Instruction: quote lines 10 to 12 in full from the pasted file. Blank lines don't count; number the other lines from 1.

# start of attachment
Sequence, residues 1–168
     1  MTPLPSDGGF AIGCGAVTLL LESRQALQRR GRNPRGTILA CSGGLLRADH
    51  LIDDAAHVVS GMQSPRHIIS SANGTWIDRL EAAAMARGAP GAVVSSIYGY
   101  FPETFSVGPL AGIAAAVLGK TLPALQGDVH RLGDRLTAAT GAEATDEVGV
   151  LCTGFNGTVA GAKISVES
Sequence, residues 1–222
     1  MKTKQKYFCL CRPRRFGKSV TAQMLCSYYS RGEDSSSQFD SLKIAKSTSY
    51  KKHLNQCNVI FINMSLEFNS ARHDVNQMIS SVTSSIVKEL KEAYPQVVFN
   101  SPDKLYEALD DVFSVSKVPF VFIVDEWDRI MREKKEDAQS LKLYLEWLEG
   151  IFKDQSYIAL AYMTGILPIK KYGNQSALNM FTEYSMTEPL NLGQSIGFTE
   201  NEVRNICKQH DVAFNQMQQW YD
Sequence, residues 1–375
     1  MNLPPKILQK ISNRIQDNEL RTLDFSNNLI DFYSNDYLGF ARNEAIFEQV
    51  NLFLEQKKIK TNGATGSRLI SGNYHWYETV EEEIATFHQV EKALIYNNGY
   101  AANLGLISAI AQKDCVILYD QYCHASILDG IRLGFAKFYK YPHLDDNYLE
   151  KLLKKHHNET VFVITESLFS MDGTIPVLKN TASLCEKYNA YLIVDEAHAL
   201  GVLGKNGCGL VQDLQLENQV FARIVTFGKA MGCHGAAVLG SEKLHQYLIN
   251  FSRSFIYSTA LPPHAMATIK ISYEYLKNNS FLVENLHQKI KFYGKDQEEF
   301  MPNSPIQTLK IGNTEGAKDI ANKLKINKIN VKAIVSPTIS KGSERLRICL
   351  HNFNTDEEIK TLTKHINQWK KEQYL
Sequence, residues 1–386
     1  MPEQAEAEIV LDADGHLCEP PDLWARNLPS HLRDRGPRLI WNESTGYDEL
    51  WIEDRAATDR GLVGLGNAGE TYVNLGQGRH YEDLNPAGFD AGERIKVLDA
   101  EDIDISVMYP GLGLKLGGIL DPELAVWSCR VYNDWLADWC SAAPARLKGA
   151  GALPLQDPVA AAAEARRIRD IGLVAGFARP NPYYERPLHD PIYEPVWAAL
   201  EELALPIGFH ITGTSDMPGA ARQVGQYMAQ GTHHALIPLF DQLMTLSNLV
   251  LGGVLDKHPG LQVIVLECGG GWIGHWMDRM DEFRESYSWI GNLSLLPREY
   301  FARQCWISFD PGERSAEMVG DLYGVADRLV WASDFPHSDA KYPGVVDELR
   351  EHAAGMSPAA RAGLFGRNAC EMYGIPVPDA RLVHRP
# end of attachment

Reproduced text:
   151  IFKDQSYIAL AYMTGILPIK KYGNQSALNM FTEYSMTEPL NLGQSIGFTE
   201  NEVRNICKQH DVAFNQMQQW YD
Sequence, residues 1–375